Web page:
I like a lot of folk music but I’d not heard of any of the weekend’s performers apart from North Sea Gas. So would I be won over by any of them? Well yes. and sadly, no.
It was with a fair amount of trepidation that I arrived at the Square Chapel to see Tom McConville, I’ve never been a huge fan of ‘fiddle-based folk music’ so winning me over was going to be a tough call to be honest. I’m going to say right upfront that I’m a convert.
A small but enthusiastic audience welcomed Tom and guitarist Chris Newman onto the Square Chapel stage. He explained that unfortunately the billed clog dancers, weren’t able to make it because of extreme weather, and that for this concert he’d be accompanied by Chris Newman. Before I go on I’ve just got to say that the obvious musical rapport between Tom and Chris was a treat.
Tom plays and sings a wide range of ‘folk music’, from Scottish and Irish pieces to bluegrass and hornpipes. He has a wonderful quiet and warm manner and has a great sense of humour.
His first piece was a lifting Celtic instrumental that sped up as it came to the end, and it showcased a range of fiddle techniques and tones. This was just lovely and by the end I was looking forward to the next piece. The next song – ‘Home Is Where Me Heart Lives’ I think it was called – introduced me to his voice which is equally as compelling as his fiddle playing. The song had almost a folk-pop arrangement, and yet more playing techniques were introduced. I was, to be honest, hooked at this stage.
Tempting as it to just go through the whole set I’m just going to pick out a few highlights. A hornpipe that transitioned into jazz and back to the hornpipe was stunning – and made the audience smile with delight. This really showcased the rapport between Tom and Chris. There was also a moving song about ‘a girl who couldn’t be tied down’, which included a pleasing guitar ‘solo’ from Chris and ‘Listen To The Wind’, a gentle and understated song about lifelong love – this featured Tom’s gentle way of getting the audience to join in (usually using the phrase “give it a try” or “if you want…”).
I really enjoyed Tom’s music and it was obvious that the rest of audience felt the same. Next time he’s in our area I’ll be in the ticket queue, and I recommend you are too.
Alasdair is a singer, guitarist and songwriter who plays both his own material – which I felt was very much a contemporary take on the traditional ballad form – and interpretations of traditional ballads. He’s undoubtedly equally talented in the writing, singing and playing but for me on the night these elements seldom came together in a coherent form. I found myself in one song trying to listen to the words and in another the guitar playing. However given the rapt audience it was clear that I was in a minority. And it’s highly probable that, given enough listening to his recorded music, his live performance would work for me as well. The words are important in his own material and there are a lot of them – for me it was more like poetry.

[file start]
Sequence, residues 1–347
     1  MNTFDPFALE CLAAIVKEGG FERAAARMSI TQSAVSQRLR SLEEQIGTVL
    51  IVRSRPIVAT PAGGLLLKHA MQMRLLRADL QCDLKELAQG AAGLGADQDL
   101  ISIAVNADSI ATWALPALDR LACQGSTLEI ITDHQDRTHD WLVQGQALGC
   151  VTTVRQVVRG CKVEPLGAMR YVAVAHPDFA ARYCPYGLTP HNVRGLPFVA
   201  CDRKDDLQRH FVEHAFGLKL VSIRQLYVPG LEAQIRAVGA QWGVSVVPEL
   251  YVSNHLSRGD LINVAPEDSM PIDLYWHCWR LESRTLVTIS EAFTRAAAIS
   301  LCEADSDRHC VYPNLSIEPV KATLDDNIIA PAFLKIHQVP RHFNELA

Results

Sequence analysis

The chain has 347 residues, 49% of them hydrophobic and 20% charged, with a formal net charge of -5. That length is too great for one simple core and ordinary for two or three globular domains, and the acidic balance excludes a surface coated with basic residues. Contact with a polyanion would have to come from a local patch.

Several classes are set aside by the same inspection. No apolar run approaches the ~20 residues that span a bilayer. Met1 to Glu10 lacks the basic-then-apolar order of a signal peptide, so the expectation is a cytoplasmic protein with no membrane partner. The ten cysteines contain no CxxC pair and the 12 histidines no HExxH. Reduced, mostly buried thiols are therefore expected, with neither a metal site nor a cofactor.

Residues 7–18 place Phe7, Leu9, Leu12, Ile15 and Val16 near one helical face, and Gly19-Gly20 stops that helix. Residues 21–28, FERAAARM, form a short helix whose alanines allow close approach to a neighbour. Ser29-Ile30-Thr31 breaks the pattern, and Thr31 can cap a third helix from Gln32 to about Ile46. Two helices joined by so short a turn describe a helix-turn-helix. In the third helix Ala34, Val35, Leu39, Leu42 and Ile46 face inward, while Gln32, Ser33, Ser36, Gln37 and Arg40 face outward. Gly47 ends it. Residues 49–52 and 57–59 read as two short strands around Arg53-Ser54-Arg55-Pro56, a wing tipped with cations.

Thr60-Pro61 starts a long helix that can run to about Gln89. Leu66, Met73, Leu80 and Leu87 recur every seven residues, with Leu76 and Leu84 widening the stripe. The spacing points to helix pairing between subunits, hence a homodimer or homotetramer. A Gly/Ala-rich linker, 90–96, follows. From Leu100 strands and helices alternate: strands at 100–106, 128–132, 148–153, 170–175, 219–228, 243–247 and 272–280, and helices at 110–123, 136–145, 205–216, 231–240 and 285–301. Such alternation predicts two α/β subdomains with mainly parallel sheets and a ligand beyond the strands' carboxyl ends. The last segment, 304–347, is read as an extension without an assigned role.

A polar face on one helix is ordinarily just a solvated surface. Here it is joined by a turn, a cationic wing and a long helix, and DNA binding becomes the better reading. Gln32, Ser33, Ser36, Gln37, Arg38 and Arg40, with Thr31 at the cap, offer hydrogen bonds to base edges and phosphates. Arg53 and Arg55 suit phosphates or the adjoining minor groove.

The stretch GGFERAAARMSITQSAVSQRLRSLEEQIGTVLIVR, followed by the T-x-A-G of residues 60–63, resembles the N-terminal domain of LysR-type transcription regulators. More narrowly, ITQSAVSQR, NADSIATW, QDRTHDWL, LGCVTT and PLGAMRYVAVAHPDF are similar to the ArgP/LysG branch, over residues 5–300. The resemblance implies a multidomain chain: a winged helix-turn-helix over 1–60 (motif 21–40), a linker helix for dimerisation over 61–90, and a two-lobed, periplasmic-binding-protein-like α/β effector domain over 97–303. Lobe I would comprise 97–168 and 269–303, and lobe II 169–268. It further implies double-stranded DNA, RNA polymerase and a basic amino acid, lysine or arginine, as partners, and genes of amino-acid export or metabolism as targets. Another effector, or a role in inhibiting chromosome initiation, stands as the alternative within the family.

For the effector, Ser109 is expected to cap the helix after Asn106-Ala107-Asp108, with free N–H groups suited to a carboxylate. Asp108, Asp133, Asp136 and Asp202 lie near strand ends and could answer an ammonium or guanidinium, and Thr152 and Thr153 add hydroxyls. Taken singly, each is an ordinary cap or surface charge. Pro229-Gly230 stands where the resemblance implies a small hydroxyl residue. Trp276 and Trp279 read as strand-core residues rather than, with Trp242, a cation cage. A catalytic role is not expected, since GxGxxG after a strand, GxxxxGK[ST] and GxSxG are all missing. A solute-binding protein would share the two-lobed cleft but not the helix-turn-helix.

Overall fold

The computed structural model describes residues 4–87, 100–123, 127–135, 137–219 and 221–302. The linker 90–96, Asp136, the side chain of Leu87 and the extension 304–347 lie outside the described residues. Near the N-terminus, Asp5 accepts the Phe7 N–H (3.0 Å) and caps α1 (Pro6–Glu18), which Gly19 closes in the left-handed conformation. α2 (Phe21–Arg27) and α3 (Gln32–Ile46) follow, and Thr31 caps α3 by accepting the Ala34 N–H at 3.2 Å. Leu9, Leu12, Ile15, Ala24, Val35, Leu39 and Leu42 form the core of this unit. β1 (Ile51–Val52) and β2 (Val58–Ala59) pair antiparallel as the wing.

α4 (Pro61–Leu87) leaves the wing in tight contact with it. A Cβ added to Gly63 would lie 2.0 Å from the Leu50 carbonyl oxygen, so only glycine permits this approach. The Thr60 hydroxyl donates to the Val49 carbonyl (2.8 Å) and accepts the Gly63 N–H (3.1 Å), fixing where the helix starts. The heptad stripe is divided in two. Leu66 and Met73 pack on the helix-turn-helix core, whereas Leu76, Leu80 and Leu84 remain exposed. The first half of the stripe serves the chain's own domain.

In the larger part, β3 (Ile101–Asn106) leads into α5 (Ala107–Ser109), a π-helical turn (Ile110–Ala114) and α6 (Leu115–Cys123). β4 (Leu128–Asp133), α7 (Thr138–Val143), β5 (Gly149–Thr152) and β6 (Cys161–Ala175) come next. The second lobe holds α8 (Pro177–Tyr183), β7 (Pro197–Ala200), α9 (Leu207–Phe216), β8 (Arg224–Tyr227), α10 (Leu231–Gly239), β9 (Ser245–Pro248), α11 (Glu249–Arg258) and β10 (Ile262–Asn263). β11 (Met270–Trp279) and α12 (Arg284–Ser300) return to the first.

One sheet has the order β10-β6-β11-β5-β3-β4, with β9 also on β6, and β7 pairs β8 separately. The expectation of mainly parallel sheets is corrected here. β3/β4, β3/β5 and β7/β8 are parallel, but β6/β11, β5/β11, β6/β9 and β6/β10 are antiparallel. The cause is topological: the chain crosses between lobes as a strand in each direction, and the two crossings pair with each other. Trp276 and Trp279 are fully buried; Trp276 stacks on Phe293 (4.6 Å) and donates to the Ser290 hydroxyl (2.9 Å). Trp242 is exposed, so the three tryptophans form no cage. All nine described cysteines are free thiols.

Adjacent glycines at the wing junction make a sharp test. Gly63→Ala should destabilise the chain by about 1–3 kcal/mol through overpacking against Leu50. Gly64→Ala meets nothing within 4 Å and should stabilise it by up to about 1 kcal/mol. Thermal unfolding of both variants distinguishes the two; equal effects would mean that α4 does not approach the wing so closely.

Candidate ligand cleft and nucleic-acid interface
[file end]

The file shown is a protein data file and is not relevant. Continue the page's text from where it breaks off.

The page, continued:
There were however some highlights for me. ‘Sweet William’, a traditional song, was a gently moving tale of a sailor’s love. And the last two songs – from the album ‘The Amber Gatherers’ – for me were more song-like in structure, and hugely effective.
As I’ve already mentioned he’s an accomplished guitar player and I really enjoyed that aspect of his performance.
So would I recommend him to you? Well yes if you like complex lyrics and good acoustic guitar playing and are prepared to listen to some of his work before you see him live; so you can understand his sort of music.
North Sea Gas
North Sea Gas are a Scottish folk band who play guitars, mandolin, fiddle, bouzouki, harmonica, whistles, bodhrans and banjo. Sadly although they are talented musicians and great singers I, unlike the rest of the audience, didn’t enjoy them that much.
It wasn’t the music which I failed to enjoyed (apart from the comedy song, which was about a ‘garden hose’ … I leave the rest to your imagination) but the in-between banter which grated with me It just felt all a bit ‘scripted’ and there were rather too many mentions of the CDs being available to buy. However, there were a couple of highlights – an almost folk-rock arrangement of ‘Over The Hills And Far Away’ and ‘Fire In The Glen’, the famous Andy Stewart song.
While I may not have been grabbed, the audience clearly were, and there was clapping and singing along. Given a different environment – perhaps a bar or a more conventional gig venue – rather than the Square Chapel, I may have felt differently about North Sea Gas.
So there you have it – a hit, a definite maybe and sadly a miss.